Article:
Getting the train from Bangkok to Trang in Southern Thailand is a convenient overland way to get the Trang Islands. Sleeper trains depart Bangkok every evening, arriving in Trang at a reasonable hour in the morning. From the train station, you can then get minivans to the pier for boats to the islands.
There are two trains that leave Bangkok every evening to Trang, with the second train continuing to Kantang:
Train #83 to Trang
17:05 Departs Hua Lamphong, Bangkok
08:05 Arrive Trang
Travel Time: 15h.
Train #167 to Kantang
18:30 Departs Hua Lamphong, Bangkok
10:31 Arrive Trang
11:20 Arrive Kantang, Trang
Travel Time: 16h 1m (to Trang).
I booked my ticket at 12go Asia, who book the tickets manually for a small commission. They have an office opposite the station so you pick the ticket up there before you leave.
I decided to go to Trang a few days before I left, so beds were already limited. I couldn’t get the day I wanted, and the next available day only had an upper bunk in the fan section. Not my preferred option but I figured I would take it and provide a review.
I also was trying to get the first train, but in the end, it doesn’t matter so much as the minivans leave Trang at 11, after the second train.
The train from Bangkok departs from the historic Hua Lamphong station. This station is in its last year of operation as next year the main station will be moving to Bang Sue Grand Station.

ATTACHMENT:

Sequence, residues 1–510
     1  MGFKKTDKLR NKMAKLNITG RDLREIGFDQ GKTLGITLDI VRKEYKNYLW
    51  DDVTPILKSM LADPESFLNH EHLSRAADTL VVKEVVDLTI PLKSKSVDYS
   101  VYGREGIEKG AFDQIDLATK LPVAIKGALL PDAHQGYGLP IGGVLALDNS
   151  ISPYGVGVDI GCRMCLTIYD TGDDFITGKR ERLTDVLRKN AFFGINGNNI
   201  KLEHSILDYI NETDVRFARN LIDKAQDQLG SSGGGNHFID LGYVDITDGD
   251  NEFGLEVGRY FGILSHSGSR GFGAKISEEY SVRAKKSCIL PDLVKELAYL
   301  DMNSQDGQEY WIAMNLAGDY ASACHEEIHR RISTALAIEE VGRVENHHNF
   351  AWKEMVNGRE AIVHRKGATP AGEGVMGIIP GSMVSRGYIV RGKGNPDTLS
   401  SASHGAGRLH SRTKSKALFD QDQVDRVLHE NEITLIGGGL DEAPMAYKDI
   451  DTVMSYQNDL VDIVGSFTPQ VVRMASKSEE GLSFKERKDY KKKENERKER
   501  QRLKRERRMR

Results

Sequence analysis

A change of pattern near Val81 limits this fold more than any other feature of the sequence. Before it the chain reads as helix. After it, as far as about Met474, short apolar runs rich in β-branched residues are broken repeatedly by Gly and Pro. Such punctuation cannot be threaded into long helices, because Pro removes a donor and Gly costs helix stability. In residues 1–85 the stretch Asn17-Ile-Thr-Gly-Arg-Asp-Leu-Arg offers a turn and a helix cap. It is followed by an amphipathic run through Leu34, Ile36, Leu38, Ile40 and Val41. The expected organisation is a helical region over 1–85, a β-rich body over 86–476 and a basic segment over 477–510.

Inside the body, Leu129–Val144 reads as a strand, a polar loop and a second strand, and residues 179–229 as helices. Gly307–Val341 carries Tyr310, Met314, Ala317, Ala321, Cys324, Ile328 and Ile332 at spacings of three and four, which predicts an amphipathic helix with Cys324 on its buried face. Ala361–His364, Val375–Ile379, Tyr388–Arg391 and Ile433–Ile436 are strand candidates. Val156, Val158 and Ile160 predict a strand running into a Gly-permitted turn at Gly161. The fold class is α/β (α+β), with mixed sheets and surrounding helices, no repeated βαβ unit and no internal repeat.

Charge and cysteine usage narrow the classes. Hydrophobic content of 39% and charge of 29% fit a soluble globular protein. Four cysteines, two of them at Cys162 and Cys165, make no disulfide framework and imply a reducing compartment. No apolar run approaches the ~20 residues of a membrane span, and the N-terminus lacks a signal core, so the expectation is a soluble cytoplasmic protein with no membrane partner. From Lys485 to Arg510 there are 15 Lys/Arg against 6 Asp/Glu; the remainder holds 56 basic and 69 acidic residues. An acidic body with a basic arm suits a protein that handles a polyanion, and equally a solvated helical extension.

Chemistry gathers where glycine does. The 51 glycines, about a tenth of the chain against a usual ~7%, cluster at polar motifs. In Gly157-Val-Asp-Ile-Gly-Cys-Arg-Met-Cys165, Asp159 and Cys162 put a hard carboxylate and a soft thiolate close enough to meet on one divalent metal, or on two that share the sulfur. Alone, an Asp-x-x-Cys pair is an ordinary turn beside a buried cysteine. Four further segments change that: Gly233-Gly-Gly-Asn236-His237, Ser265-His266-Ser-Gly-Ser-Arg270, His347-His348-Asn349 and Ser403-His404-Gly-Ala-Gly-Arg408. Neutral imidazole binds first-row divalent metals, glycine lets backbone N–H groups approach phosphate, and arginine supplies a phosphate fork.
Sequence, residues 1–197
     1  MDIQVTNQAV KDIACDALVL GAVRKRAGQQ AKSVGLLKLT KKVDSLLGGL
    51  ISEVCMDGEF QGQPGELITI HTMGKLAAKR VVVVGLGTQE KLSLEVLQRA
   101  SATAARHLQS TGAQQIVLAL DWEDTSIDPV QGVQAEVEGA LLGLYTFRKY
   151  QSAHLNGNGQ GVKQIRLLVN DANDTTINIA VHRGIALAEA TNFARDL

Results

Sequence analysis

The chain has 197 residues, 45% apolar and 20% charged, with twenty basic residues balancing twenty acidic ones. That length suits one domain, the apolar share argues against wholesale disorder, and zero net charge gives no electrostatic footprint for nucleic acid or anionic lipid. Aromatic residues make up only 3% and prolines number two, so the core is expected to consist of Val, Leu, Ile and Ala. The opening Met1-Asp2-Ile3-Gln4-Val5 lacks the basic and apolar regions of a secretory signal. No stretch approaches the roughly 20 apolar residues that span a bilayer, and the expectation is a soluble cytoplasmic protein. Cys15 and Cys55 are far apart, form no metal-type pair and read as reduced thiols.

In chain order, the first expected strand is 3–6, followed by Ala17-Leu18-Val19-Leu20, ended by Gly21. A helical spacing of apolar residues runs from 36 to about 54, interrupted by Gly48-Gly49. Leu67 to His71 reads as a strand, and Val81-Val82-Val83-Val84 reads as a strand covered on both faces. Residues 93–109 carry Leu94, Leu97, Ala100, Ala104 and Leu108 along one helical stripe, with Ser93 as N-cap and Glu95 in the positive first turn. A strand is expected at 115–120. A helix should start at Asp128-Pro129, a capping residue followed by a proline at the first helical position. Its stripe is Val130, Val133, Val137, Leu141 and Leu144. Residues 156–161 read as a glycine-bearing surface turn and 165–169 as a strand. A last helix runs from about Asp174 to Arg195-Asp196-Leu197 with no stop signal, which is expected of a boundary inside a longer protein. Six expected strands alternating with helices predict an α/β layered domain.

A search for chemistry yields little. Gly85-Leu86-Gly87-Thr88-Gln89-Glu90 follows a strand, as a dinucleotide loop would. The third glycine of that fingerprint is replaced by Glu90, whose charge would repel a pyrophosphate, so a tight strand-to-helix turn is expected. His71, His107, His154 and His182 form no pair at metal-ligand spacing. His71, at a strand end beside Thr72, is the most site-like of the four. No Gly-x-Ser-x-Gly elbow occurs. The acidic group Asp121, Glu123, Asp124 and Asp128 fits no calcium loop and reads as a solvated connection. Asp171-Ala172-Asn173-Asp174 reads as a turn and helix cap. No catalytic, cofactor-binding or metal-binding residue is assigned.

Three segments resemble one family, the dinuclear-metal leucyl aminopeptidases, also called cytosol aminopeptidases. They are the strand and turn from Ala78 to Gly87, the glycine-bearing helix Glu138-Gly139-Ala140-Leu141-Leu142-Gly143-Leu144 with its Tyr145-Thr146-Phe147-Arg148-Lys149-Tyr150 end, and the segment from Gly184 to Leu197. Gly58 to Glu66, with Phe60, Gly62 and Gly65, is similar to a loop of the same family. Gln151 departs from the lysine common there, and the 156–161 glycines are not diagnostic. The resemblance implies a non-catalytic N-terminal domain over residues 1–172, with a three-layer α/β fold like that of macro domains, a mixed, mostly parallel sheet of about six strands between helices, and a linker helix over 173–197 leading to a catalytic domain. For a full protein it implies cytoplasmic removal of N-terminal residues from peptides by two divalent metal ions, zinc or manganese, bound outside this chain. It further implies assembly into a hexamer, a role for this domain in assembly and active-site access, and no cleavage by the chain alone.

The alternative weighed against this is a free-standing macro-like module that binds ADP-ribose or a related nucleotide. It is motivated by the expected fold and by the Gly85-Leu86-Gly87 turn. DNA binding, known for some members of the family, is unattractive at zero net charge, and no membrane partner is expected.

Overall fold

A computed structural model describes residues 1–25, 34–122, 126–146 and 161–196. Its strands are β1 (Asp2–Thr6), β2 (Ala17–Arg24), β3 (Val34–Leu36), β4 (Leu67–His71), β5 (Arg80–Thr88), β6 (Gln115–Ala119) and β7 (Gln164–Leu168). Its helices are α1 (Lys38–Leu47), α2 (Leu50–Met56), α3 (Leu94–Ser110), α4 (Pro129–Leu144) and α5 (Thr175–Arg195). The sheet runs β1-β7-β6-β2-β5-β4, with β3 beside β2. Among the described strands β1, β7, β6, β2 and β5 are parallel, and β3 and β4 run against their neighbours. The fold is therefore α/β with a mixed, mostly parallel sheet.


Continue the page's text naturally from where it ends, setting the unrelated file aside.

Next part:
I was in Bangkok visiting the Bang Sue construction site as part of my coverage of future Southeast Asia railways. The new station resembles a mega station in China, and eventually it will have trains arriving there from Kunming. It will be a change of pace from the old-world atmosphere of Hua Lamphong. I would recommend taking a train trip from Bangkok soon if only to experience this station before it goes. (The station will be preserved, just not as a working station.)
As Trang was not the last station make sure you look for the Kan Tang train.
They usually let you on half an hour before the train departs so you can wait onboard.
Carriage and seat numbers are clearly marked on each train.
My usual advice when travelling on public transport in Thailand is to wear jeans (or elephant pants if you must) as the air conditioning is set as if it was transporting fresh produce. In this case, the fan carriage was still so warm after being outside all day, and I was wishing I had shorts on.
For comparison, I walked up to the air-conditioned compartment, and it was definitely jeans weather in there. Oh well, I saved a few dollars I suppose.
Another feature of the fan carriage is they only have squat toilets, so you may need to visit the air-conditioned carriage if you need a seat.
I also checked out the 2nd Class Fan seats carriage, and I was glad to have a bed for the night.
When the train departs the seats haven’t been converted into beds yet. After departing Bangkok the carriage attendant comes through and converts the seats to beds. It’s an amazing spectacle to watch how efficiently they set up the mattress, add the sheets and pillowcases, and hang the curtains.
All of the bedding is stored in the upper bunk, making the process faster.
The upper bunk has no window and there is less space than the lower bunk. You also have this gap in the curtain where the light comes in (the lights are left on all night).